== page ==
Fourth Offense OUI While Driving At Excessive Speeds Results in State Prison Sentence

Bristol County District Attorney’s Office

Thomas M. Quinn III

District Attorney

Press Release

February 26, 2018

A 43-year-old Hyannis man who, while heavily intoxicated, was clocked driving in excess of 120 miles per hour along Interstate 195, was sentenced to serve three to four years in state prison, Bristol County District Attorney Thomas M. Quinn III announced.

Benjamin Carpenter pleaded guilty last week in Fall River Superior Court to a multi-count indictment charging him with Fourth Offense OUI, possession of Fentanyl with intent to distribute-subsequent offense, negligent operation of a motor vehicle, and driving with a revoked license-habitual traffic offender.

On March 19, 2016 at around  9:45 pm, Massachusetts State Police clocked the defendant’s vehicle driving 120 miles per hour on Route 195 East in New Bedford.  The defendant’s vehicle was followed and eventually pulled over in Fairhaven.  While pulling his vehicle into the shoulder, the defendant could be seen throwing a bag out the driver’s side window. The bag, which was retrieved by state police, contained just under 10 grams of Fentanyl. The defendant’s blood alcohol level at the time of his arrest was .20.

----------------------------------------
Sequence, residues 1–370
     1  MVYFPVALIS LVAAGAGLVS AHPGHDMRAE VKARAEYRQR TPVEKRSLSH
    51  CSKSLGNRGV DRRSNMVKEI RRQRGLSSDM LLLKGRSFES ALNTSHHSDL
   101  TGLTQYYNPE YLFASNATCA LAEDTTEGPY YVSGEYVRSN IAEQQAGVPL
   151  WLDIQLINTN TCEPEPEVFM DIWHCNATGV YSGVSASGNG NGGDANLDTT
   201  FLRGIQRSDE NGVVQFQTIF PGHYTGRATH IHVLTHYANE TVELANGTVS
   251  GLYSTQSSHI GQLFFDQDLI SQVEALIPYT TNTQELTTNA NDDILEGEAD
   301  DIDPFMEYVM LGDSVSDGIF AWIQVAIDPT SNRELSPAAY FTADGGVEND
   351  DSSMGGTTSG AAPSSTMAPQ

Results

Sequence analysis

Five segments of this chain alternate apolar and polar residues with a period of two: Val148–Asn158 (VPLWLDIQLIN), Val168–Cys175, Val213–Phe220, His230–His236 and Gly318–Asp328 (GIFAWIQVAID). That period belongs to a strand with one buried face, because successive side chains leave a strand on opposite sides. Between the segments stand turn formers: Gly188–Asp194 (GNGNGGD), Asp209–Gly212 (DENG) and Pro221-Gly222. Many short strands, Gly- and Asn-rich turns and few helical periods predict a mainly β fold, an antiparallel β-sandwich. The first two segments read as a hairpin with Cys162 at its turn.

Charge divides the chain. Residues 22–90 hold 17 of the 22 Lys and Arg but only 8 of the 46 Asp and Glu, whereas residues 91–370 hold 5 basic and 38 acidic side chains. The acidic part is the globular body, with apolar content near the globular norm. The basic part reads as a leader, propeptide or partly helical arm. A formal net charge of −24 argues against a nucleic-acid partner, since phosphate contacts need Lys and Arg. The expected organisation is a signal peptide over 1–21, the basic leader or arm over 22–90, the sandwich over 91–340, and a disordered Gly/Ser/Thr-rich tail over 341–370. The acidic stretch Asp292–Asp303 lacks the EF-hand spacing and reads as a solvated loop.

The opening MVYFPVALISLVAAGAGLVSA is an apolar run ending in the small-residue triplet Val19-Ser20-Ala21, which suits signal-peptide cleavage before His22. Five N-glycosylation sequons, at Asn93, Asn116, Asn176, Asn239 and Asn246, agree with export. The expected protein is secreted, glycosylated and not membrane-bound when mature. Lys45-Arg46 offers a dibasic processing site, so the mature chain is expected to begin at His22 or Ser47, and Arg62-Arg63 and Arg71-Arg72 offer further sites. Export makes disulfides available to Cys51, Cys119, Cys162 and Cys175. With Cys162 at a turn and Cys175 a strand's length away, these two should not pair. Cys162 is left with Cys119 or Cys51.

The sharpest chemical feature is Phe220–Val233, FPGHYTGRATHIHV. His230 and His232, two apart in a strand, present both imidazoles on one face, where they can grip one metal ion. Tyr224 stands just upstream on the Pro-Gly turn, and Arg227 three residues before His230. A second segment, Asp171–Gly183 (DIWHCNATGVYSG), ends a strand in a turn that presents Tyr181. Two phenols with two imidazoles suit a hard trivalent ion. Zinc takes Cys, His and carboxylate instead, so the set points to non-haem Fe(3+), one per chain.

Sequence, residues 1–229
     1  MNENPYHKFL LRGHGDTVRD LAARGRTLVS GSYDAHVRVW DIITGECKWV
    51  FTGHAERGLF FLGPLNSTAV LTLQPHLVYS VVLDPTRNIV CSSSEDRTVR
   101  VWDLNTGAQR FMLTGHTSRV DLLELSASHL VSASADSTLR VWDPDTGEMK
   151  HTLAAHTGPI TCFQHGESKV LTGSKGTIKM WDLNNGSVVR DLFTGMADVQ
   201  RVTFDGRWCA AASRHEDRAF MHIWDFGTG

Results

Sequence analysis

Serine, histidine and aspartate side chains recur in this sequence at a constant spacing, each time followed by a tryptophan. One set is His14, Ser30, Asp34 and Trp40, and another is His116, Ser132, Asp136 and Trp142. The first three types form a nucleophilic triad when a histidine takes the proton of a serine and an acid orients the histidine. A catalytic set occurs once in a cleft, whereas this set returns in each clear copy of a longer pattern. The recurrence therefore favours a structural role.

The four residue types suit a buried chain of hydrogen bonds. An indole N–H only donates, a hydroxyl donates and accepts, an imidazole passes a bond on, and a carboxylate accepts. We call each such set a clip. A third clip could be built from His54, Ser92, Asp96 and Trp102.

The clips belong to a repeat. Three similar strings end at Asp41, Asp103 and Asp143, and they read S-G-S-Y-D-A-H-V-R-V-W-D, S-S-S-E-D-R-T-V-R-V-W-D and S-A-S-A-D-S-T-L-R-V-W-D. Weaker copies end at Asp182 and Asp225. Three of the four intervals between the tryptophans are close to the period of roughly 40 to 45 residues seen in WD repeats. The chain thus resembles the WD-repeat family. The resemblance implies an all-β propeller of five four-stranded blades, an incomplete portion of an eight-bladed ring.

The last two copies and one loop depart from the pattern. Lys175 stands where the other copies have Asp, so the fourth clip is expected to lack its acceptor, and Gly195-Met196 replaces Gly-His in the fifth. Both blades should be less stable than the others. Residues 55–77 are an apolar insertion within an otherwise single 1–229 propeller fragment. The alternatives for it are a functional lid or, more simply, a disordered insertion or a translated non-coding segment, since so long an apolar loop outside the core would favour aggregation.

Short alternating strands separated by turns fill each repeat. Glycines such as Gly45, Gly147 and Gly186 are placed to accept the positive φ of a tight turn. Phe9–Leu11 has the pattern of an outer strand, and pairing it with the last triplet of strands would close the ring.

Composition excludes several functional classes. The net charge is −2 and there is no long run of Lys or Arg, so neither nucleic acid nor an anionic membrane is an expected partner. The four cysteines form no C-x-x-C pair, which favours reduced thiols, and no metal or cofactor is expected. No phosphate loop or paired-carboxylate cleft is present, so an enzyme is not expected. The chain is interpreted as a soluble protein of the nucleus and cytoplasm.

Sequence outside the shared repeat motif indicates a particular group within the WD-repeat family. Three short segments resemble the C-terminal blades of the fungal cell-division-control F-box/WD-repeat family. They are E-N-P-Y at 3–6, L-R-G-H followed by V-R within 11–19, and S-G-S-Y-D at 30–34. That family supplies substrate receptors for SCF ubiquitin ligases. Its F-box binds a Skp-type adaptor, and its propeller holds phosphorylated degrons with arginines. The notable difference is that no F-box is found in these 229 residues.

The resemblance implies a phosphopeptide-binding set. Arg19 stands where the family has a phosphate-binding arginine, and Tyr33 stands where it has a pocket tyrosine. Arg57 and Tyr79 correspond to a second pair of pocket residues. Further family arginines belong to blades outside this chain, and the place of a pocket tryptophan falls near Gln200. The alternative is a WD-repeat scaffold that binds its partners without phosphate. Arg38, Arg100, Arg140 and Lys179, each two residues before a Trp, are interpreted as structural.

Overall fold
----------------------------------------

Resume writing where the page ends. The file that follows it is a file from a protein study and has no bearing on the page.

During a sentencing hearing before Judge Thomas McGuire, Assistant District Attorney Matthew Friedel argued that based on the defendant’s prior three convictions for OUI and his habitual traffic offender status, he should be sentenced to serve three-and-a-half years in state prison.  The defendant, however, requested a more lenient two-and-a-half to three-and-a-half year state prison term.  Judge McGuire, after hearing from both parties, sentenced the defendant to serve a three to four year state prison term and placed him on probation for two years.  The probation term will not begin until the defendant is released from prison.

“The defendant engaged in extremely ‘outrageous’ operation of a motor vehicle while highly intoxicated that put the lives and safety of the public at risk,” District Attorney Quinn said.  “The defendant has prior drunken driving convictions that justify the state prison sentence to both punish him and protect the public. In addition, he was in possession of the very dangerous drug, Fentanyl.”


Gregg Miliote

Director of Communications